Rig-e Jenn desert is located in the west and southwest of Dasht-e Kavir (A “jinn” is a spirit in Islamic culture and this place was once (and in some places still) believed to accommodate evil spirits). This desert covers an area of 3800 square kilometers. Actually, the desert is an enormous area of sand dunes with steep slope on the eastern side and gentle slopes on the western part due to the prevailing winds from the west to the east. Therefore, passing through the desert by cars from the east to the west is very difficult and impossible.
This area is believed to be a cursed land; Indigenous people believe that evil spirits reign over this mysterious land, so, if you enter this desert, you will swallowed and never come back. Sinking in mud is one of the most dangerous events that may endanger passengers and drive them to the jaws of death. For many years, nobody has dared to travel to the heart of Rig-e Jenn and discover the secret of this mysterious desert.
Rig’e Jenn received its name from the belief that the area was haunted by spirits and the devil. This belief was strengthened by, and probably originated from the fact that perhaps many had entered the desert and never returned.
But apart from these dangers, most of the statements about Rig-e Jenn is related to fictions. Locals believe in some fictions and stories that left many questions unanswered. However, the cause of most of these phenomena has today been recognized. For example, a sound is heard in the desert that is known as the Cry of Stone. The cause of this natural phenomenon is the expansion and contraction of stones and breaking them in the result of the temperature difference between day and night.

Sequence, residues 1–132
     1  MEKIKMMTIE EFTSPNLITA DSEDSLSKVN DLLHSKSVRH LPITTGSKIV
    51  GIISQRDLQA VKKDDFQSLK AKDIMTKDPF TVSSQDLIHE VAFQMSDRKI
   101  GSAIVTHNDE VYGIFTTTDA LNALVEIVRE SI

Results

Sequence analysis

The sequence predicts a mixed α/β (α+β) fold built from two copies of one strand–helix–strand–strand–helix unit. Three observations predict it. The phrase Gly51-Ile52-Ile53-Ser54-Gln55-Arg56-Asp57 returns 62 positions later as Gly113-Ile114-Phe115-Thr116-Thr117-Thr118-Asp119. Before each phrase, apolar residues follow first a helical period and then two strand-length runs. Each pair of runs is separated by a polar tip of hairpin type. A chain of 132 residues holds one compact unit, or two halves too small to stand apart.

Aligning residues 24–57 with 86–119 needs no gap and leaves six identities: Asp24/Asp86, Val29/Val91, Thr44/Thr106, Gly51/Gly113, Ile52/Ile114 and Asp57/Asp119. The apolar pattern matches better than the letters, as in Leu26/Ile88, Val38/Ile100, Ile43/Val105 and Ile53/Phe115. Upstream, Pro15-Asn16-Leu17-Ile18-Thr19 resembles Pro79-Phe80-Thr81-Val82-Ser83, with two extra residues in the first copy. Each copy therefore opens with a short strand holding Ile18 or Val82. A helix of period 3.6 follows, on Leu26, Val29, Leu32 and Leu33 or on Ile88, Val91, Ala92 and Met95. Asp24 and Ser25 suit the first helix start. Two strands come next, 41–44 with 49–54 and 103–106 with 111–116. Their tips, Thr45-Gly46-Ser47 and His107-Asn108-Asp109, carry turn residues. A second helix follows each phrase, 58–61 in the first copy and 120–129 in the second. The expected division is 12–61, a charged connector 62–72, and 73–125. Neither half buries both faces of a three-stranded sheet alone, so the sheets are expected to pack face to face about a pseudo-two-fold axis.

The huge amount of active sand hills without any plants have covered a vast area. All Rig-e Jenn is covered with lots of wind-blown sand and salty alluvium from Alborz mountains.
Rig-e Jenn also known as the "Bermuda Triangle of Iran" is covered with salt marshes which have probably swallowed up many who wished to explore it.
A vast surface of the area is devoid of flora and fauna. Although little information is available about its plants and wildlife, sightings of scorpions, phrynocephaluses (medium-sized agamid lizards), chinkaras and Persian onagers in nearby areas have been reported.